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Favorite old movies: how might they be viewed today?

Some+older+movies+such+as+Ace+Ventura%2C+Ghostbusters%2C+and+Grease+may+be+criticized+by+todays+world+for+their+portrayal+of+certain+societal+perspectives.
Aileen Hu
Some older movies such as “Ace Ventura,” “Ghostbusters,” and “Grease” may be criticized by today’s world for their portrayal of certain societal perspectives.

As time progresses, the world’s view of what is and is not acceptable can shift drastically. Movies that were beloved when they came out over twenty years ago may have been fine at the time, but some may fall in the face of today’s cancel-culture and changed perspectives. Cult classics such as Ace Ventura: Pet Detective and Ghostbusters have scenes that may seem unacceptable today, and even classic movie musicals like Grease may be criticized by today’s society.

Ace Ventura: Pet Detective (1994)

Ace Ventura: Pet Detective revolves around Ace Ventura (Jim Carrey), a private investigator in Miami. He faces consistent mockery by the police department, led by his rival, Lieutenant Lois Einhorn. After the Miami Dolphins’ mascot, Snowflake the dolphin is kidnapped (dolphin-napped?), the Dolphins’ publicist contacts Ventura to find her. Within the movie, Ventura finds clue after clue, shares a steamy kiss with Einhorn, and is attacked by a shark. Eventually, Ventura gets led to Ray Finkle, a disgraced kicker who missed the Super Bowl winning kick a decade earlier. 

 He later learns that Einhorn was actually Ray Finkle, and that she had transitioned genders many years ago. The film then delves into layers of transphobia/homophobia. When Ventura realized he kissed a man, there is an entire one-minute montage of him showering, brushing his teeth, and ultimately trying to “rid” himself of having kissed Einhorn/Finkle. 

The film showcases transgender people in a negative light, as the people who are “fooling” others. Today, films like this would likely not be made, or at least, would be portrayed very differently. 

To quote Jake Peralta (Andy Samberg) from Brooklyn-99: “Classic film, one of my childhood favorites. And it only gets overtly transphobic at the very end, so a win.”

Ghostbusters (1984)

Yet another beloved old film, Ghostbusters showcases a misogynistic outlook and the refusal to take no for an answer. 

Ghostbusters’ flashy effects and humorous commentary offset the way many characters, especially Peter Venkman (Bill Murray), make sexist comments throughout the film. When Venkman goes to Dana Barrett (Sigourney Weaver)’s apartment due to reported supernatural activity, he doesn’t take her word seriously. At the end of his investigation, he professes his love to a woman he barely knows. She tells him to leave, but he continues to try to “woo” her.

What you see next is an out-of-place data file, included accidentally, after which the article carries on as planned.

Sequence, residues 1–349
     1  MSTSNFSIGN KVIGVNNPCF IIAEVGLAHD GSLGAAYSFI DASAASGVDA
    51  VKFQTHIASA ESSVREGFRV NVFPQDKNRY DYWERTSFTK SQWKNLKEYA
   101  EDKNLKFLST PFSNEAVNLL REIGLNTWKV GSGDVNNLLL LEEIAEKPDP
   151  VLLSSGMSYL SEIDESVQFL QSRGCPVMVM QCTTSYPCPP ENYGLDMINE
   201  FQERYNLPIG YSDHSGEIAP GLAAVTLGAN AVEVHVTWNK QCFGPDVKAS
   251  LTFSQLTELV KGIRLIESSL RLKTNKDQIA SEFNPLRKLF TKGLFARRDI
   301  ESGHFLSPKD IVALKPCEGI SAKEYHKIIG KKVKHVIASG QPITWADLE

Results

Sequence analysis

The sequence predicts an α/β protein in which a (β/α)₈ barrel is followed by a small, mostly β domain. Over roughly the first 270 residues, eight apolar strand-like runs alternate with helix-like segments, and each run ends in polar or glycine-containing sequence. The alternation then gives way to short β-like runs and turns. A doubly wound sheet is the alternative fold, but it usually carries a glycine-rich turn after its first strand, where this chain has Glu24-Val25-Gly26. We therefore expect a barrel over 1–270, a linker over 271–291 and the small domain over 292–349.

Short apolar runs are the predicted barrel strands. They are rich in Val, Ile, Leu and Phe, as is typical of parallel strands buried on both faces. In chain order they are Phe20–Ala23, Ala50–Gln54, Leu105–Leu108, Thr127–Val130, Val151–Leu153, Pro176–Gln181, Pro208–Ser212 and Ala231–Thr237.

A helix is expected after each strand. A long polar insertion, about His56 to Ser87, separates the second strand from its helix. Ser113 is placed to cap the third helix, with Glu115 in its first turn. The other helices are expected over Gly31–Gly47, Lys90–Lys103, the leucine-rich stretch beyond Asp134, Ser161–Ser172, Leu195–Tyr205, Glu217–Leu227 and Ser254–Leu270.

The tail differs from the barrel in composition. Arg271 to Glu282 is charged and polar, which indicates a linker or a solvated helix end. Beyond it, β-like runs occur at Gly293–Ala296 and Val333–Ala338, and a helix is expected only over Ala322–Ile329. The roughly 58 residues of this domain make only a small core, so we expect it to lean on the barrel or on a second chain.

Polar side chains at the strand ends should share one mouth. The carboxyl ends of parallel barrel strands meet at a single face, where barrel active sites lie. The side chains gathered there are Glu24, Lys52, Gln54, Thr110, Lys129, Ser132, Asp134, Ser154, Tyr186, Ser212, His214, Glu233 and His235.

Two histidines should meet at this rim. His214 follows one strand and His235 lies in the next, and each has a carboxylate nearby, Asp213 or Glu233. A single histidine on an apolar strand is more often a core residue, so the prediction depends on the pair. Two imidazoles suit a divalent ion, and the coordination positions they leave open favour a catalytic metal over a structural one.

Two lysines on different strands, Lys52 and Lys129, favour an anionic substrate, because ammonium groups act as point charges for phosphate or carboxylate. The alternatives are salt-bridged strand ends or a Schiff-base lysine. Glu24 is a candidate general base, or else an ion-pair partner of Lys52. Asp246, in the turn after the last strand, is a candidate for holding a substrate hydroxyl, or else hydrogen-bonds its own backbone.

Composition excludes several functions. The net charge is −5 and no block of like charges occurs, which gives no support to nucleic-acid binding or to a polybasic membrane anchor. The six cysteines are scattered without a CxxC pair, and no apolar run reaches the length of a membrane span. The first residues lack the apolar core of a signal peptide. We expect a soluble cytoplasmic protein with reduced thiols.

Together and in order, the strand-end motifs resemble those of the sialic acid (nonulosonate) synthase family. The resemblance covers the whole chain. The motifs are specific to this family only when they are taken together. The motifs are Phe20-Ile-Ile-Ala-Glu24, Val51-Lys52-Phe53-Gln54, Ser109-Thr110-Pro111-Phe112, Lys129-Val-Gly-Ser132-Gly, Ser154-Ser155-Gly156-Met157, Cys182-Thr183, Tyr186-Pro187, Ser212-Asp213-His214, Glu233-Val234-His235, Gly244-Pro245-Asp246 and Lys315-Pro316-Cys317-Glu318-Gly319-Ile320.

In the movie, Venkman’s behavior is played off as a joke, but today, it’s anything but. Some may argue that it’s an example of “boys will be boys,” but others will simply say it’s creepy behavior. If the original Ghostbusters was released today, it would be attacked for putting Dana Barett as lesser than the male lead, and for writing a male lead who doesn’t listen.

Grease (1978)

Even the classic coming-of-age musical movies have their flaws. Despite the famed and celebrated music, with songs like “Hopelessly Devoted to You” and “You’re the One That I Want,” the underlying theme of Grease is that people must change who they are to fit in and have a significant other like them. 

Sandy (Olivia Newton-John), a rather innocent and wholesome girl, tries to conform herself into the “greaser girl” stereotype. She does this to seem like a better match to Danny Zuko (John Travolta), a stereotypical greaser. Sandy makes herself sick while drinking, tries a cigarette, and pierces her ears to change herself for Danny.

Nowadays, with the strong emphasis on messages such as “you’re perfect the way you are” and “never change yourself for anyone,” this classic film would be scrutinized for implying that people must change themselves in order to be happy.

As trends change over time, so do the expectations of what is socially acceptable. The factors that contribute to our view of the world also contribute to our view of media. Our view of the media then influences what Hollywood views as acceptable.

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